Channel 39 imagines that the city council’s finances have been “put in order” – proof the station isn’t investigative or breathing oxygen.
### dunedintv.co.nz December 24, 2013 – 2:05pm
The Dunedin City Council had some turnover at the top late this year, after chief executive Paul Orders announced he was moving back to Wales after a two year stint. Orders’ time at the top was widely acknowledged as a period in which the council’s finances were put in order. The search to replace him resulted in a promotion from within.
Sue Bidrose took on the role in charge of more than 600 staff who run everything from rubbish collection to civil defence to economic development.
She came into the studio for a chat with chief reporter David Loughrey on subjects from motorbikes to stadiums to public service.
Posted by Elizabeth Kerr
*Image: dunedintv.co.nz – Sue Bidrose, screenshot (re-imaged by whatifdunedin)
Filed under Business, DCC, DCHL, DCTL, Democracy, Economics, Media, Name, New Zealand, People, Politics, Project management, Stadiums, What stadium
Mike Wazowski (green) at Hayward’s Auction House; ‘red’ at University Book Shop (UBS) – children’s book cover detail, Rules of Summer by Shaun Tan.
A young monster named Michael “Mike” Wazowski (voiced by Billy Crystal) appears in films by Disney/Pixar: Monsters, Inc. (2001) and Monsters University (2013). Mike dreams of being a scarer (a monster who enters the human world at night to scare children so their screams can be harvested for energy) when he grows up, after visiting Monsters Inc. — the city of Monstropolis’ most profitable and best-known scaring company — on a school field trip. Eleven years later, Mike is a first-year scare major at Monsters University, where he meets a large, blue, furry monster named James P. “Sulley” Sullivan.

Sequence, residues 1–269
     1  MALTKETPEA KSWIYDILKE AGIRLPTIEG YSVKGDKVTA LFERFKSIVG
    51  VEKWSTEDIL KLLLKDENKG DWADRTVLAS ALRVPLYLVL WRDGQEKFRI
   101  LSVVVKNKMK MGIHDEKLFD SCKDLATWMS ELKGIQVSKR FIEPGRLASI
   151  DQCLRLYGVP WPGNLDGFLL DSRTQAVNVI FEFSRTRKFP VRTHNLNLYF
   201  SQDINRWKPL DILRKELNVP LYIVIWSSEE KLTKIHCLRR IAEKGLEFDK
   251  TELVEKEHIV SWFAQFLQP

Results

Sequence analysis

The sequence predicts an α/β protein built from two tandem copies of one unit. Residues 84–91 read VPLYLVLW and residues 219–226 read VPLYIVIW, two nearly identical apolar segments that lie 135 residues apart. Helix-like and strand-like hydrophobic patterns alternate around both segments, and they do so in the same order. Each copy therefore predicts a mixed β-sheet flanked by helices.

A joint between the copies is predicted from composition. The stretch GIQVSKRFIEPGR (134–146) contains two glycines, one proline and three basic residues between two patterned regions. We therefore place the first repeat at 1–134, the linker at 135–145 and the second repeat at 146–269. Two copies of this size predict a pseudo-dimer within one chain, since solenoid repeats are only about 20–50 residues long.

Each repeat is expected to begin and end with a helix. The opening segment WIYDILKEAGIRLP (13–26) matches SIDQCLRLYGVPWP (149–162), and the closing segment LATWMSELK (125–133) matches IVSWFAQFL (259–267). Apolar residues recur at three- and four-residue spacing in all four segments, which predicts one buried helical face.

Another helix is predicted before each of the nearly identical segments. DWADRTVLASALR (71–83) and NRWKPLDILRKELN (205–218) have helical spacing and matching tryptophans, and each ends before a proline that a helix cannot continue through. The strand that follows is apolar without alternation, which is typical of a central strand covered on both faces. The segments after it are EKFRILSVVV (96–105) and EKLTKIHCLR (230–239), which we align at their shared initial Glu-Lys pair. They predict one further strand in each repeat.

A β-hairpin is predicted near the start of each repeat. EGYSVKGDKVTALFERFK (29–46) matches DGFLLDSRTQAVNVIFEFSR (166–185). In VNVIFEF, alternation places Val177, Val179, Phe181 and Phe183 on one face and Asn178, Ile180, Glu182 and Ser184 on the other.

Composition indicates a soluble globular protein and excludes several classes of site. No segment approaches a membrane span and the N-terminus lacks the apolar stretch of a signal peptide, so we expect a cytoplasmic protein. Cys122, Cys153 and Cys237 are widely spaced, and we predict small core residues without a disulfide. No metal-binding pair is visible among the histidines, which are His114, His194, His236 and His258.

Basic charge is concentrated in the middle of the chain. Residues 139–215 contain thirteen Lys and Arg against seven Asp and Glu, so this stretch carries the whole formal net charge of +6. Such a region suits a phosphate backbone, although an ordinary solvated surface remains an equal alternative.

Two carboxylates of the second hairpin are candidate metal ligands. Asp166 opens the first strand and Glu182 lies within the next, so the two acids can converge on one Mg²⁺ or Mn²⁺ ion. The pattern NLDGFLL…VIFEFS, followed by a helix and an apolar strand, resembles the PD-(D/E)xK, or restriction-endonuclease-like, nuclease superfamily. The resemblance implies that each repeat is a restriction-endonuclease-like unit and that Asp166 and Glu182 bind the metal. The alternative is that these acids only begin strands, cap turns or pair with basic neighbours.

Shaun Tan (born 1974) is an Australian illustrator and author of children’s books and speculative fiction cover artist. He won an Academy Award for The Lost Thing, a 2011 animated film adaptation of a 2000 picture book he wrote and illustrated. Tan’s work has been described as “at once banal and uncanny, familiar and strange, local and universal, reassuring and scary, intimate and remote, guttersnipe and sprezzatura. No rhetoric, no straining for effect. Never other than itself.” —Sydney Morning Herald
Rules of Summer (Lothian Children’s Books: October 2013)
Posted by Elizabeth Kerr
*Spliced image by whatifdunedin
Filed under Design, Fun, Pics